After six months, the company had grown out of the garage and the business moved to an industrial unit. Just one year on, and Merrony and his team may already be outgrowing their newly inhabited studio.

Originally a community hall, the studio is equipped with a camera room, two offices, a meeting area, embroidery room, screen print room, dark room, packaging room and a stock room. “We’re starting to outgrow this space now too and we’ve only been here since February 2019,” Merrony says, adding: “It’s a great, but very daunting feeling.”

A sense of community

Merrony runs the business on the basis of honesty and openness with an ethos of producing high-quality products and being connected to local businesses. Having experienced mental health struggles himself, he has created an open workplace where customers can drop in, or even work alongside Merrony and his team – creating a real sense of local community.

“We call it ‘the Pinball Machine’ because I always feel like that’s what my mind is constantly doing, bouncing around from job to job,” he comments, adding: “The kettle is always on and we are always around to listen.”

We call it ‘the Pinball Machine’ because I always feel like that’s what my mind is constantly doing, bouncing around from job to job


Whilst the firm doesn’t operate any form of strategic social media marketing, Merrony finds that getting out and showing his skills and services through live printing is the best way to generate new business. “I am from a relatively small community, so word of mouth is worth a lot more than putting it into adverts right now,” he explains.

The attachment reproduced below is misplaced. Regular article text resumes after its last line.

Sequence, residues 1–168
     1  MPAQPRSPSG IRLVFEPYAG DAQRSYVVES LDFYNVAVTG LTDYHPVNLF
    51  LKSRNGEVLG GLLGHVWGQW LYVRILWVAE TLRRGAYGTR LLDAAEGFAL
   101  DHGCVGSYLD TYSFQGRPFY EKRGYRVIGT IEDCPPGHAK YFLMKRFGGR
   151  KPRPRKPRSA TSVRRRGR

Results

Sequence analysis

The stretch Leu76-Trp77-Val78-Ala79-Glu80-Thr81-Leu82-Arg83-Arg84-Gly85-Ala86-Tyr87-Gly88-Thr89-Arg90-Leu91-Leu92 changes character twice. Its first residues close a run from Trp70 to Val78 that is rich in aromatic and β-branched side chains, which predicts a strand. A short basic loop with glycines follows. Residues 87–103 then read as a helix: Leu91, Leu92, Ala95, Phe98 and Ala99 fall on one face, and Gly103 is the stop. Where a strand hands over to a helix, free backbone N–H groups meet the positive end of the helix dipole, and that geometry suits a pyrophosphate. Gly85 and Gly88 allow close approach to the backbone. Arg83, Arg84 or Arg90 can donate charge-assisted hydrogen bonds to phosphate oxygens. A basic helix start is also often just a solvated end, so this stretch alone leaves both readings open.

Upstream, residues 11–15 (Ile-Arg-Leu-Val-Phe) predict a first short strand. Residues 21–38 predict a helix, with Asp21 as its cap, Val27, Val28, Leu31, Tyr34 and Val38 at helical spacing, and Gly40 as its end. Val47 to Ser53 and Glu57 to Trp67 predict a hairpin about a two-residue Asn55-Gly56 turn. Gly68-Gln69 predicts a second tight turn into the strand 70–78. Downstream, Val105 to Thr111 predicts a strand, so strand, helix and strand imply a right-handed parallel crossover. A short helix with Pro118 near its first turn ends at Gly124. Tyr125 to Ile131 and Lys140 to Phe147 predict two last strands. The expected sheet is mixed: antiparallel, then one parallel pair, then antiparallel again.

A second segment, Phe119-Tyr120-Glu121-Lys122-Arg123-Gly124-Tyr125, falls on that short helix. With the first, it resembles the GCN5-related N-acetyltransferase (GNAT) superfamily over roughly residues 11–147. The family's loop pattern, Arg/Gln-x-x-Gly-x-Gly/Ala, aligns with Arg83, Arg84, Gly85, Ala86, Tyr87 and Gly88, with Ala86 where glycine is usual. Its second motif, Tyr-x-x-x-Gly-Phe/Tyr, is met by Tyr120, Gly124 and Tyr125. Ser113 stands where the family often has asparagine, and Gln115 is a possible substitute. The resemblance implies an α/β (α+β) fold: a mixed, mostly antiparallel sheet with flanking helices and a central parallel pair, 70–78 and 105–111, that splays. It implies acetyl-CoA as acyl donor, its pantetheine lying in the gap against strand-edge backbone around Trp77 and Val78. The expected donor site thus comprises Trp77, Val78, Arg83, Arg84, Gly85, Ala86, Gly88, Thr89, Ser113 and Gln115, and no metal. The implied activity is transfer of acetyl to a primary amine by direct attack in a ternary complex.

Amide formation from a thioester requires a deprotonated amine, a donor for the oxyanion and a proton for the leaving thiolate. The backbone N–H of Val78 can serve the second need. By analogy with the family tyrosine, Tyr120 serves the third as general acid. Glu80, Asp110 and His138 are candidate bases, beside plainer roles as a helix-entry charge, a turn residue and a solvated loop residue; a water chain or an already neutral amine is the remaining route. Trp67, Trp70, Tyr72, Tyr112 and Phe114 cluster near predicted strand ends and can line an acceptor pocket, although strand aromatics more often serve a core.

“I guess the only major bit of marketing I do is when I go out to festivals and do some live printing. Fortunately for me, I’ve grown up with people locally who have gone on to do some pretty sweet things that I can now be a part of.”

Through this local network, Merrony found himself being approached by Get The Boys a Lift - a local charity which uses merchandise and fundraising to promote healthy conversation around mental health. However, when the charity’s founder, Gaz Owens initially approached Merrony the timing wasn’t right.

Merrony explains: “Unfortunately I was in the garage at my parent’s house still trying to learn how to screen print, so I said to him I couldn’t help. About a year on, he messaged me again and this time it was perfect timing.